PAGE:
SARC always available for sexual assault victims
By Diane M. Kephart, 355th Wing Public Affairs
/ Published March 26, 2007
Davis-Monthan Air Force Base, Ariz. --
The Sexual Assault Response Coordinator, located in the 355th Wing Headquarters building, offers round-the-clock support to victims of sexual abuse and assault -regardless of gender.
Studies show that one in three women will be a victim of sexual abuse in her lifetime. However, it is also important to note that men can be and have been victims of sexual abuse.
According to Deborah Morrison, SARC for the 355th Wing, the most recent study shows that one in 33 men, excluding those in prison, will be sexually abused during his lifetime.
"I've had personal experience with men reporting sexual abuse and it is devastating how sexual assault impacts the mission," said Ms. Morrison.
"The fact that men can be victims of sexual assault can be easily forgotten or overlooked," Ms. Morrison added. "We are still at the point when no one wants to talk about it - especially men."
According to a letter from the Secretary of the Air Force, "Sexual assault is a crime and will be treated as such in our Air Force. Every single Airman is important to the combat capability of our United States Air Force. Our Core Values are built on themes of respect and mutual dependence. But with sexual assault, everybody loses - the victim, the perpetrator, the entire squadron. It is up to all Airmen to help prevent this heinous crime.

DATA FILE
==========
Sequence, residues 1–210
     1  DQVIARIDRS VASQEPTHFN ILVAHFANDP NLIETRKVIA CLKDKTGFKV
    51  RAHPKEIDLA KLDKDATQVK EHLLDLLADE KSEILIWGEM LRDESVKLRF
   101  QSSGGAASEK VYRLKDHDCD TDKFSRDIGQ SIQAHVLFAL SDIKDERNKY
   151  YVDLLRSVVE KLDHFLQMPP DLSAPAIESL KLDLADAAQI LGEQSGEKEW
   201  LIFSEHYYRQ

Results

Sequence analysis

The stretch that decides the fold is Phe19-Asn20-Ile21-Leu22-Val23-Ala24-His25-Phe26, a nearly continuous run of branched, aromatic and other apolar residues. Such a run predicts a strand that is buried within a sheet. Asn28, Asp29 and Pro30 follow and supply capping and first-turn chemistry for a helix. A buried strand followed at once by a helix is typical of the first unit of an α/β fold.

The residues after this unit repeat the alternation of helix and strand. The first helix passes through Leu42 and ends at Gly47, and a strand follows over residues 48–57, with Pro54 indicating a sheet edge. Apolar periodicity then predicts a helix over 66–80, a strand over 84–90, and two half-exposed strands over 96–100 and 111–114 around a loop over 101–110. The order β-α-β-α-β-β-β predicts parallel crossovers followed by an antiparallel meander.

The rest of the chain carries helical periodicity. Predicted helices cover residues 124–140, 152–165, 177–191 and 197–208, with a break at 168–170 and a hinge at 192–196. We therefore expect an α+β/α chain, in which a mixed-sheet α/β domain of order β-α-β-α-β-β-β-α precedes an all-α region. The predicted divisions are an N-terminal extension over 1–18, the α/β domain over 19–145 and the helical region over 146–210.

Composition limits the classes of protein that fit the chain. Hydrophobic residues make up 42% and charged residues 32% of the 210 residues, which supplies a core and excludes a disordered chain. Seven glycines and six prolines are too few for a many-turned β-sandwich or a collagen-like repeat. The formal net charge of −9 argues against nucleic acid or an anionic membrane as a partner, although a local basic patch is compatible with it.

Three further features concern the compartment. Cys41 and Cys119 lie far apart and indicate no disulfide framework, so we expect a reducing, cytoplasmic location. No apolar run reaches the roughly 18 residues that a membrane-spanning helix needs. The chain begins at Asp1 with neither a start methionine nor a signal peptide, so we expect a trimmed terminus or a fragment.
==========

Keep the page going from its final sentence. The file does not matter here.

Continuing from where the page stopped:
"We've implemented a restricted reporting option," the SAF letter continues, "which allows Air Force military members who have been sexually assaulted to confidentially
receive medical treatment and support without automatically triggering a criminal
investigation. Similarly, victims who would like for the case to be investigated can make
an immediate unrestricted report, and still receive the support of the sexual assault
prevention and response team."
The SARC still needs volunteers. Volunteer opportunities include serving as a victim advocate and giving briefings throughout the base. Victim advocates are required to take 40 hours of t raining. Briefers receive 16 hours of training. Victim advocates help victims throughout the entire process. From the time of crisis, through medical services, counseling, and advocacy, the victim advocate assigned to the case is there to assist and support the victim.
Since a victim advocate will never be assigned more than three cases at a time, many volunteers are needed. The SARC assigns victim advocates to cases based on their
individual skill sets. There is no time limit for a victim continuing to receive SARC services.
SARC office hours are 7:30 a.m. to 4:30 p.m., Monday through Friday, and by appointment. The phone number is 228-7272 or 228-SARC. The 24/7 crisis phone number is 940-8059.